Golden Globes 2018, Time’s Up for Sexual Harassment and Abuse

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The Golden Globes in Hollywood is normally a glamorous – and colourful event. Yet this year’s Golden Globes, it wasn’t all about the winners. This past year, the film and acting industry brought forth some powerful monsters who have been accused of sexual harassment/abuse and the spotlight of these accusations have started to shift the industry. Supporter wore black and a few even brought activist on the red carpet with them to raise awareness of each of their missions. This is HUGE!!!

Enough is enough. #timesup


Michelle Williams and Tarana Burke

(Photo by Christopher Polk/NBC/NBCU Photo Bank via Getty Images)

Michelle Williams brought #metoo founder, Tarana Burke as her date and let her talked at the red carpet interviews. “I thought I would have to raise my daughter to learn how to protect herself in a dangerous world, but I think the work that Tarana has done and the work that I’m learning how to do — we actually have the opportunity to hand our children a different world,” Williams, 37, said on the E! red carpet pre-show. “I am honored beyond measure to be standing next to this woman. I have tears in my eyes and smile on my face.” Learn more about the #metoo movement here.




Emma Watson and Marai Larasi

Emma Watson brought Marai Larasi, executive director of Imkaan, a black-feminist network organization. Emma said she wanted to highlight the incredible work that organisations such as Imkaan do.

“This is moment in time where we stand in solidarity, with women across all spheres of life, with women across industries” Marai said while interviewing on the red carpet with Emma.



Amy Poehler and Saru Jayaraman

“Here in honor of the women servers, bussers, bartenders, runners, cooks, and hosts who experience the highest rates of sexual harassment of any industry in the country,” tweeted Ms. Jayaraman, a workplace justice advocate for restaurant workers.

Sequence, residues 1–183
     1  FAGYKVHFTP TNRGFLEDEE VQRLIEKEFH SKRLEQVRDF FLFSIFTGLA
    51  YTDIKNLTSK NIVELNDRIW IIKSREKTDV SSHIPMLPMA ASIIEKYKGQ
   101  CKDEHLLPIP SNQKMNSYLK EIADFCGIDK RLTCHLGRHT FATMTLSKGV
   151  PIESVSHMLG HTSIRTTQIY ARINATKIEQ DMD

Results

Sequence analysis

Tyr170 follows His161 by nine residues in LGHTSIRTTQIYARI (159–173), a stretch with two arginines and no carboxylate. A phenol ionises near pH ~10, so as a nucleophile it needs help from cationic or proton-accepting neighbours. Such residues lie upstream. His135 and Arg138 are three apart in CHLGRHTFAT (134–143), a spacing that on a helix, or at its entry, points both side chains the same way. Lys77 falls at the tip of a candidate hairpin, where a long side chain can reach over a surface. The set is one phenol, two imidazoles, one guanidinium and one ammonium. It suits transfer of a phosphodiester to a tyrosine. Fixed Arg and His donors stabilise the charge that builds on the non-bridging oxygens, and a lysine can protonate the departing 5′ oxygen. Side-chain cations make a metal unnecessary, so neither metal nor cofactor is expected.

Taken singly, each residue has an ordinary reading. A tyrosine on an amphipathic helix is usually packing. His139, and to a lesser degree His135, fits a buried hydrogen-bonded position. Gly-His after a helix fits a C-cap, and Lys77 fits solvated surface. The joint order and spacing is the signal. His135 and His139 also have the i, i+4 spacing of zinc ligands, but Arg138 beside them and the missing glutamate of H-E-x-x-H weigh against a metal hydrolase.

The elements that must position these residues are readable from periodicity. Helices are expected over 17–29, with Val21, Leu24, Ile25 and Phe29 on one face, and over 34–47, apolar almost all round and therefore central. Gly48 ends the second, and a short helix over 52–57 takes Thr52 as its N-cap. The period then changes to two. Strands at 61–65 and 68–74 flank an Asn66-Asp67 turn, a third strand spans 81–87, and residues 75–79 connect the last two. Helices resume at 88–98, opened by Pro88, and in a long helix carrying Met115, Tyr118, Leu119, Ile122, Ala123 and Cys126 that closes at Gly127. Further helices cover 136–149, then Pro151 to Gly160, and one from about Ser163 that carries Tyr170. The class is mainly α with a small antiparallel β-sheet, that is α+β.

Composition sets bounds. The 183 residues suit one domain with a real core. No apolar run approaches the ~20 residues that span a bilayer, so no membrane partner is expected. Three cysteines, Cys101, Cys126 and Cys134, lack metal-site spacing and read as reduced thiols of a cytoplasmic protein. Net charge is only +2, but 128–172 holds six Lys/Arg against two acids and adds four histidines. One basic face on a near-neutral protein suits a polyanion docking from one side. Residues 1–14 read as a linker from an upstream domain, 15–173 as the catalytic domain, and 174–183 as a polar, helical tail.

Learn more about Saur Jayaraman, Co-Director, Co-Founder and President of ROC United and their mission here.



Meryl Streep and Ai-jen Poo

(Jordan Strauss/Invision/AP)

“We all deserve workplaces where we’re safe and our work is valued and we can live and work with dignity,” said Ms. Poo, the director of the National Domestic Workers Alliance and co-created Caring Across Generations.

“I think that people are aware now of a power imbalance, and it’s something that leads to abuse,” Streep told Ryan Seacrest on the red carpet. “It’s led to abuse in our own industry and it’s led to abuse across the domestic workers’ field of work. It’s in the military, it’s in congress, it’s everywhere.”




Laura Dern and Mónica Ramírez

Laura Dern fights against the gender pay gap alongside Women’s Rights Activist Mónica Ramírez. Mónica Ramírez, the head of the National Farmworkers Women’s Alliance and the woman behind the beautiful Letter of Solidarity in Time magazine in November. Mónica has been an activist on behalf of women, workers, Latino community members and immigrants for more than two decades. She is a civil rights attorney, a skilled public speaker, and an author. She is also a nationally recognized subject matter expert on gender equity, specifically on behalf of Latina and immigrant women, including ending gender based wage gap.



Susan Sarandon and Rosa Clemente

Susan Sarandon and activist Rosa Clemente talk with Access’ Scott Evans and Kit Hoover about raising awareness for Puerto Rico at the 2018 Golden Globe Awards. And they talk about the “Time’s Up” movement.


Emma Stone and Billie Jean King

(Photo by Neilson Barnard/NBCUniversal/NBCU Photo Bank via Getty Images)

Emma Stone joined by Billie Jean King, who she portrayed in Battle of the Sexes last year, earning a Golden Globe nomination. The tennis legend, a longtime advocate for women’s and LGBT rights, founded the Billie Jean King Leadership Initiative, the Women’s Sports Foundation and the Women’s Tennis Association, and cofounded World TeamTennis.


Shailene Woodley and Calina Lawrence

“We stand with women across all nations & all walks of life, in solidarity to say TIMES UP on the imbalance of power that exists between men & women today. may we walk with compassion, grace, & love as the sacred feminine rises within all of us,” Ms. Woodley tweeted before the show. Ms. Lawrence is a Suquamish Tribe member, singer and activist for, among other causes, Native American treaty and water rights.

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